President Trump has made bullying great again.
Donald Trump’s campaign and election have added an alarming twist to school bullying, with white students using the president’s words and slogans to bully Latino, Middle Eastern, black, Asian, and Jewish classmates. In the first comprehensive review of post-election bullying, BuzzFeed News has confirmed more than 50 incidents, across 26 states, in which a K-12 student invoked Trump’s name or message in an apparent effort to harass a classmate during the past school year.
The accountability laws in Indiana are a waste of time and money. The criteria used to judge a school, its students’ test scores and attendance, are inadequate and invalid. Tests and attendance do not indicate the quality of a school. The school climate and the involvement of parents are equally, if not more important to a school than how high the students score on a given achievement test. Student achievement tests should be used (if they’re going to be used at all) to assess student achievement, not the quality of a school or its teachers. Student attendance has very little to do with a school’s quality, and more to do with the economic status of the families of the students (for that matter, so do the achievement tests).
For decades, “reformers” have used poor test scores as the basis for claims that America’s public schools were “failing,” and to lobby for charters and vouchers. Now that they have charters and vouchers, the state rules about “accountability” are getting in the way of the smooth flow of tax dollars into private, parochial, and corporate pockets. The solution? Get the corporate stooges on the state board of education to “suspend” accountability for private, parochial, and corporate schools.
Just because Mike Pence is no longer in the Governor’s seat doesn’t mean that the state preference for privatization is gone…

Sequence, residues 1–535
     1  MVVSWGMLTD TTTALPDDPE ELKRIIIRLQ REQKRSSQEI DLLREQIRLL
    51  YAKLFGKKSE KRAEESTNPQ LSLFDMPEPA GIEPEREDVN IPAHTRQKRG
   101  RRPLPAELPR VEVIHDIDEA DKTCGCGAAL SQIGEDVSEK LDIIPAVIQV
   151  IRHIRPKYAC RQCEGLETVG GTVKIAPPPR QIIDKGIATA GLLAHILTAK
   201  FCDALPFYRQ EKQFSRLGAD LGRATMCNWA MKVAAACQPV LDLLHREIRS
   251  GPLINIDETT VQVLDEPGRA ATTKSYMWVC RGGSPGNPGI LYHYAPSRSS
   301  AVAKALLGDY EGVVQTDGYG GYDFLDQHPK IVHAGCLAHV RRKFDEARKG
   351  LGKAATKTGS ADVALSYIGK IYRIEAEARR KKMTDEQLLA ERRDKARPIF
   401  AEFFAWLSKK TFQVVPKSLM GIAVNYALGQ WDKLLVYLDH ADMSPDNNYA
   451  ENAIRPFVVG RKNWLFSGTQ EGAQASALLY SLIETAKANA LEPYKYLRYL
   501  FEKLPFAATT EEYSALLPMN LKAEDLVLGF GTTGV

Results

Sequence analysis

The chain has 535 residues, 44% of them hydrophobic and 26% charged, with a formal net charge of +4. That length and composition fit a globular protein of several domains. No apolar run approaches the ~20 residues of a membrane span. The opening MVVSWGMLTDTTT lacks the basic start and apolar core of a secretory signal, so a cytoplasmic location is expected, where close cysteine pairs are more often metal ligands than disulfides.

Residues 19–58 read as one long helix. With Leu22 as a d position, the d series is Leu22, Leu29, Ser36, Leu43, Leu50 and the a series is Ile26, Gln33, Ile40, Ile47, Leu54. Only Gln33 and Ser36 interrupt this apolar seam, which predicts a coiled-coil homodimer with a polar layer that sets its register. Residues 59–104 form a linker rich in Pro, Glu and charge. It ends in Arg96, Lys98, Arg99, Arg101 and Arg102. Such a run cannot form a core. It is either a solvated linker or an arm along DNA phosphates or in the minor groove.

Kudos to my former colleague, Steve Yager, for being one of the two votes against this.
Four private voucher schools previously cut off from accepting new voucher students because of academic failure, have been given a reprieve from the Indiana State Board of Education.
Due to receiving a grade of D or F for two consecutive years, the private schools had lost their ability to take on new voucher students. The schools can retain their current population of voucher students.
The schools were given permission to bypass accountability laws created for failing private voucher schools thanks to a new law signed by Gov. Holcomb. ISTA strongly opposed the bill throughout the legislative session, because it gives failing voucher schools a pass for low performance and allows a new voucher pathway via new school accreditation – schools with no track record.
From an experienced teacher and teacher educator…Russ Walsh gives us the benefit of his years as an educator. You’ll notice the five lessons he presents have nothing to do with teaching to the test. Instead he deals with relationships between teacher and student, teacher as coach, pedagogical content knowledge, using student errors to guide teaching, and teacher self-reflection. This, along with his book, A Parent’s Guide to Public Education in the 21st Century: Navigating Education Reform to Get the Best Education for My Child, are essential reading for parents, teachers, and anyone who is interested in improving public schools.
At its most basic, teaching is about building individual relationships with children. If children trust you, they will be willing to follow you in your flights of instructional fantasy and if they follow you they will learn from you.
STAY SAFE ONLINE